Celebrated Silver Age artist Joe Giella, who is well known for his work on Western and science fiction comics, died on Tuesday, March 21, 2023. His family announced his passing on social media. Giella was 94 years old.

“Joe was such a special person. His presence alone would put you at ease. Even on the most difficult days, just being with him would make everything OK again. He was so honest and sincere, so kind and gentle and so loving and proud. He was so proud of his service for his country in the US Navy. He was so proud of his long prolific career in comic books and comic strips. And he was most proud of his family. To him, family was everything,” Facebook post reads.

Giella was born on June 27, 1928, he grew up in Queens, and attended the School of Industrial Art in Manhattan. He started working in art when he was 17 years old with his first work in the humor feature “Captain Codfish.”

During the Golden Age of comics in the 1940s, Giella worked at both Fawcett and Timely Comics. He freelanced at Fawcett, inking Captain Marvel stories at C.C. Beck and Pete Costanza’s studio. Seeking more work, Giella reached out to Timely where he started out by inking a strip over Mike Sekowsky’s pencils. From there he did touch-up work and backgrounds then moved on to assisting Syd Shores on Captain America Comics by doing finishing backgrounds. He did the same on Human Torch, Sub-Mariner, and humor stories.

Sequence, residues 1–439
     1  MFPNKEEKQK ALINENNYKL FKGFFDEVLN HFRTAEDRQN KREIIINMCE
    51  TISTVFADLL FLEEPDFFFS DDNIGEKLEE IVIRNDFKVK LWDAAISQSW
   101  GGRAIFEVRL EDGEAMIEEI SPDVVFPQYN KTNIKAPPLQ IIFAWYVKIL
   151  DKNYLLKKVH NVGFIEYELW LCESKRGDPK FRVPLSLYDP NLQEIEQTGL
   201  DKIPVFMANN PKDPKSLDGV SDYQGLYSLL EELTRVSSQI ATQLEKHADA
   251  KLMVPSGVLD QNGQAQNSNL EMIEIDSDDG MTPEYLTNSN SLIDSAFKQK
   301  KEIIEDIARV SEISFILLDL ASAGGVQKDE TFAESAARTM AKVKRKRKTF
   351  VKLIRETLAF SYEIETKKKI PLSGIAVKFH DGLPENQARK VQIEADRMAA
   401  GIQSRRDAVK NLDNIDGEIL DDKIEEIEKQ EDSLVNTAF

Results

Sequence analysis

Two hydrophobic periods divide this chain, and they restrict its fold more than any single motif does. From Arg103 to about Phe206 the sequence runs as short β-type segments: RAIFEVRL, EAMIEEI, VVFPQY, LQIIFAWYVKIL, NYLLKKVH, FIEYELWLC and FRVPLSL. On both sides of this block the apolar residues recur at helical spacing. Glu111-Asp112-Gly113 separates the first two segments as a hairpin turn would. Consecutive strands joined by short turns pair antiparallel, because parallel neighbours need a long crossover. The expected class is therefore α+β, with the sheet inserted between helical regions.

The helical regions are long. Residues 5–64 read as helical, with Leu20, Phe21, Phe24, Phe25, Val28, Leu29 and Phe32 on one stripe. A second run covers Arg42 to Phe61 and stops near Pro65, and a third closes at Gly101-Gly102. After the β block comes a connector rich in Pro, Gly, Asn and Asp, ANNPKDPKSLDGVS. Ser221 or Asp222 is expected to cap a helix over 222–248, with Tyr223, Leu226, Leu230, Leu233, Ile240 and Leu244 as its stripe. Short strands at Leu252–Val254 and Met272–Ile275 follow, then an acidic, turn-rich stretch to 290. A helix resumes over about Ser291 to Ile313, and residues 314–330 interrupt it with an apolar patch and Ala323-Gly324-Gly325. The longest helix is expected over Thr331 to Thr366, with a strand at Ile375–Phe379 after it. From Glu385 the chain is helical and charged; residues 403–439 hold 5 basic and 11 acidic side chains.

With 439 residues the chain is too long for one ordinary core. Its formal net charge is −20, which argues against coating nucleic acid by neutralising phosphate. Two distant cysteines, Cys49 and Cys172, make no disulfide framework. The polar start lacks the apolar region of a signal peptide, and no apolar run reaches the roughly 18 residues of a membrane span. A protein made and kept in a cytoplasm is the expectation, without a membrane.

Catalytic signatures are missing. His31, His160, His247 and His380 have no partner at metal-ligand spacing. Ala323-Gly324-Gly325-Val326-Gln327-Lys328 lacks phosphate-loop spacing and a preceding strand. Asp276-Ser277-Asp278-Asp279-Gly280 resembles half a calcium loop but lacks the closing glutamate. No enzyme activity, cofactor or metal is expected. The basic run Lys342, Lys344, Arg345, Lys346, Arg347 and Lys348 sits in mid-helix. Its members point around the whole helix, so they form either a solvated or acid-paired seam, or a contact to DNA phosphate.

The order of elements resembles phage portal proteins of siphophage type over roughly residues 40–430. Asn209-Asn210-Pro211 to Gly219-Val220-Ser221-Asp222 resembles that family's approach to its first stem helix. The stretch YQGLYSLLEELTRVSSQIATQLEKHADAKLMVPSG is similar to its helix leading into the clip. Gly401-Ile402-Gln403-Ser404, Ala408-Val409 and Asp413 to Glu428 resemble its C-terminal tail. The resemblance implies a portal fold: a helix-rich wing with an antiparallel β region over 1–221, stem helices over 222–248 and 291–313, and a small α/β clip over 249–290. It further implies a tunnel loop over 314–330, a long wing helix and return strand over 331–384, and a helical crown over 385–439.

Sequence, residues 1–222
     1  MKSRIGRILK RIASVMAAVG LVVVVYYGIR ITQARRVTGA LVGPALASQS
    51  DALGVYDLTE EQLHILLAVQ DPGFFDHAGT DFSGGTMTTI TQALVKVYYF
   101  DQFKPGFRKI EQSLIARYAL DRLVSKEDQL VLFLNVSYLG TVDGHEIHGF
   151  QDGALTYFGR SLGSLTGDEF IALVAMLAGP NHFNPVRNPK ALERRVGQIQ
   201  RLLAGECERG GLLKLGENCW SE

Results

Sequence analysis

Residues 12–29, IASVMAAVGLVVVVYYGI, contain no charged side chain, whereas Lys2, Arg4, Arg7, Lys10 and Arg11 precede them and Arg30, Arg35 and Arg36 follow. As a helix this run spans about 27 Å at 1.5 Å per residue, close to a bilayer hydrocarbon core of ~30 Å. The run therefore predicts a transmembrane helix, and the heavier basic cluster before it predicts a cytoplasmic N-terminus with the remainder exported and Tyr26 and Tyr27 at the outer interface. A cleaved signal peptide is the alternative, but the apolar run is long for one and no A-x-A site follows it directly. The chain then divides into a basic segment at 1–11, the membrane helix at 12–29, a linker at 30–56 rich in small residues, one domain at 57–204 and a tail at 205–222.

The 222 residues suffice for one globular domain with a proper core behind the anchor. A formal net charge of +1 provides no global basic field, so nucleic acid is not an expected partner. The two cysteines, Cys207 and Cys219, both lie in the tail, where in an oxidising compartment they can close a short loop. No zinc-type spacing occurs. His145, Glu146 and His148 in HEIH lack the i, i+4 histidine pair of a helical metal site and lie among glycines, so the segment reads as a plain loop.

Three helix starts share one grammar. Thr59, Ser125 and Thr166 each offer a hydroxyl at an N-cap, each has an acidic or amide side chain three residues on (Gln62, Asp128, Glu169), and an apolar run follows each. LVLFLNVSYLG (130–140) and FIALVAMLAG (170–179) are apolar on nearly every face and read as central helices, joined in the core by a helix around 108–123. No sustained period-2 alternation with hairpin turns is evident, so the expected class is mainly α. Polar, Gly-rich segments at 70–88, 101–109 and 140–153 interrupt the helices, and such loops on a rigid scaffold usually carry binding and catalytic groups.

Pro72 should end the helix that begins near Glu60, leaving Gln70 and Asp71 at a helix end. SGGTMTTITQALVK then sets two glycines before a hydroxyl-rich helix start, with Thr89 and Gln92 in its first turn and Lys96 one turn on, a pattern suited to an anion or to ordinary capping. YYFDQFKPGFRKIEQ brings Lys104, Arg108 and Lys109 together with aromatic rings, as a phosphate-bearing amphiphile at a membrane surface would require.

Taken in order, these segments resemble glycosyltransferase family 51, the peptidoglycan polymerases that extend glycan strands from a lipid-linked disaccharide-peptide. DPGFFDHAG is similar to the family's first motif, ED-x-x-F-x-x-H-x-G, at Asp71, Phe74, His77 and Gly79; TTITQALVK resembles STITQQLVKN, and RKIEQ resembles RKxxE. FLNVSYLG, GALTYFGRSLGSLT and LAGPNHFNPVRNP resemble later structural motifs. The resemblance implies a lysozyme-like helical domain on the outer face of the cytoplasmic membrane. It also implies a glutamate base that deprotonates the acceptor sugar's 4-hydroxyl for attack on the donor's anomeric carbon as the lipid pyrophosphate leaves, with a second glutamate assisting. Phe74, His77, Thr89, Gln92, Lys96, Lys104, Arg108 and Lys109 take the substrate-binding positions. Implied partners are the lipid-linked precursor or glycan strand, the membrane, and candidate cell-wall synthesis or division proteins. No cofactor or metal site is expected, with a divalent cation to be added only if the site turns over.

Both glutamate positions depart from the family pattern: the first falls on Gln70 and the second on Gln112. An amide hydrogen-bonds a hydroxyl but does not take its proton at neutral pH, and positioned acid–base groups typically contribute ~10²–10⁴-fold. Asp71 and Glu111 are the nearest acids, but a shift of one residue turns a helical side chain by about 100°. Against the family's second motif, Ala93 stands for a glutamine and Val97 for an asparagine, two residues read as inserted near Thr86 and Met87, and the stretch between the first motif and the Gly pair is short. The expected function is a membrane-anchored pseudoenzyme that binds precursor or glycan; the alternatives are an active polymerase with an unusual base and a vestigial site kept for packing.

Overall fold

Back at DC, he inked titles such as The Flash, Green Lantern, Strange Adventures, and Batman. In the early ‘50s when superhero titles slowed down, he turned to inking Westerns penciled by Alex Toth and Gene Colan, including the Hopalong Cassidy series. He also worked on science fiction adventures like the Adam Strange feature in Strange Adventures.

On the superhero side, Giella inked Batman stories that were penciled by Sheldon Moldoff and Carmine Infantino and inked Gil Kane’s pencils in Green Lantern. Throughout the Bronze Age he also worked with Dick Dillin and remained a constant artist for DC Comics all the way to the early 1980s.

Starting in 1991, Giella drew Mary Worth for King Features, in addition to previous work on Flash Gordon and The Phantom comic strips. He remained on The Phantom for 17 years and on Mary Worth until 2016. Outside of comics, he was also a commercial artist for publishers Doubleday and Simon & Schuster and ad agencies like McCann Erickson and Saatchi & Saatchi.

Throughout his career, Giella was honored with an Inkpot Award and the Inkwell Awards Joe Sinnott Hall of Fame.